Can using information about people’s genes improve bowel cancer screening?
Bowel cancer screening saves lives, but how can it be improved even more? Dr Juliet Usher-Smith and her team are investigating if using information about ‘risk factors’ - things we know can increase risk of bowel cancer (like changes to genes (mutations) and diet) - could help better decide when people should be invited for bowel screening, what type of screening they should have and how often they should be invited.
The results of a study by the team, which we funded, have now been published in the journal Cancer Prevention Research. We asked Dr Usher-Smith and Dr Catherine Saunders, who is lead author on this work, about the key findings and to explain what’s next.
How does bowel cancer screening work at the moment?
Screening is a way of testing healthy people to see if they show any early signs of cancer. At the moment, everyone aged 60-74 (50-74 in Scotland) is invited to take part in bowel cancer screening, regardless of other risk factors they might have.
What did the research involve?
First we searched in the medical literature for studies that had developed ways of combining changes in genes and other risk factors into ‘models’ that estimate a persons’ risk of developing bowel cancer. In that study, also funded by Bowel Cancer UK, we found 29 models.
In this research, we wanted to find out how good these models are at finding people in the UK who go on to develop bowel cancer and if including information on changes to genes, with or without other factors, could therefore be used to tailor the screening programme. For example, people at higher or lower risk of the disease could be invited to take part at different ages, have screening more or less often or have a different type of test. This is called risk-stratified screening.
It is thought that inviting people to take part in screening based on their individual risk might pick up a greater number of cancers at an early stage, as well as improve the cost-effectiveness of the screening programme for the NHS.
We tested 23 of the 29 models we found using data from nearly half a million people in the UK Biobank – a ‘bank’ of information and samples (such as blood, urine and saliva) from people who have agreed to have their health followed over time.
Using this bank of information, we looked at how well these risk models could predict who would go on to develop bowel cancer, based on information about changes in genes (mutations) and lifestyle factors (like diet and physical activity).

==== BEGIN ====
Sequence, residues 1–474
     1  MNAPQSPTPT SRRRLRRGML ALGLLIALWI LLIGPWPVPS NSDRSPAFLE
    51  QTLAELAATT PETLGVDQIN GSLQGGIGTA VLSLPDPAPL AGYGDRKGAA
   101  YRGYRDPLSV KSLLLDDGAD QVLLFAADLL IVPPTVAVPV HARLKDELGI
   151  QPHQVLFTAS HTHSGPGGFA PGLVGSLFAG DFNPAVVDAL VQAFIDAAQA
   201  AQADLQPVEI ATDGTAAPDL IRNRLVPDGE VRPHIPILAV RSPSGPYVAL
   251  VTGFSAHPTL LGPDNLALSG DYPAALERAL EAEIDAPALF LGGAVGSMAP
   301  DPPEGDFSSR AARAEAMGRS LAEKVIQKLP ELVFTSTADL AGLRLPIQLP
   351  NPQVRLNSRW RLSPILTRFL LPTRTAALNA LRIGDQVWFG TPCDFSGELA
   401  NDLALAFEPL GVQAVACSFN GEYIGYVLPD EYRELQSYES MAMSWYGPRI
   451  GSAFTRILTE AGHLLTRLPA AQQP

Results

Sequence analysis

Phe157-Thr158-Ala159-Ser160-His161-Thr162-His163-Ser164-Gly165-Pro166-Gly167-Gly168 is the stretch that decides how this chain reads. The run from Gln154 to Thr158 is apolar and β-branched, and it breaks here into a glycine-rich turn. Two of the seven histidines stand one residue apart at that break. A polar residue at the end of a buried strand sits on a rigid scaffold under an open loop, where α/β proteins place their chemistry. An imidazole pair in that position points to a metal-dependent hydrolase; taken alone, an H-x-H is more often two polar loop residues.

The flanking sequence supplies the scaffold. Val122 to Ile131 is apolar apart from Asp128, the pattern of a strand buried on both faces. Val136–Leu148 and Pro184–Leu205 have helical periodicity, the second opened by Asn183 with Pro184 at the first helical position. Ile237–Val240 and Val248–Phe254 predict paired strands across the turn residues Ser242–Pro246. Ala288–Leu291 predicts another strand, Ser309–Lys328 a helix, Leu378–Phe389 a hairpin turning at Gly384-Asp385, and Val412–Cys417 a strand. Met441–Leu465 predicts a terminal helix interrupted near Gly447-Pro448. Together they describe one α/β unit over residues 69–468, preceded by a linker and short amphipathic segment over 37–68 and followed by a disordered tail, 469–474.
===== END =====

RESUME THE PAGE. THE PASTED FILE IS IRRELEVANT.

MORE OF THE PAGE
What did you find?
This study is the first to compare lots of risk models in a UK population in this way. Compared to the current screening programme (which only uses age as a factor to decide who should be invited), this research suggests that including information about genes that could increase risk could better predict who was likely to develop bowel cancer. Including information about lifestyle factors too meant they were slightly better still at identifying people who may get the disease.
Including more tailored information about bowel cancer risk could make the screening programme more effective and ultimately mean more lives are saved.
The study suggests the Bowel Cancer Screening Programme should consider including lifestyle and genetic information so that invitations to join the screening programme are tailored based on a person’s risk. But we’re not quite ready for this yet.
Although this research is a step towards a more personalised approach to screening, there is still more work to be done. Future research should look at the costs as well as exploring more about the potential benefits to the public of changing to a risk-stratified screening programme. This is something we’re working on now.
Future work also needs to understand some of the practical and ethical issues of collecting people’s genetic information, to make sure that everyone has equal access to genetic testing and the information is used appropriately.
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Dr Catherine Saunders and Dr Juliet Usher-Smith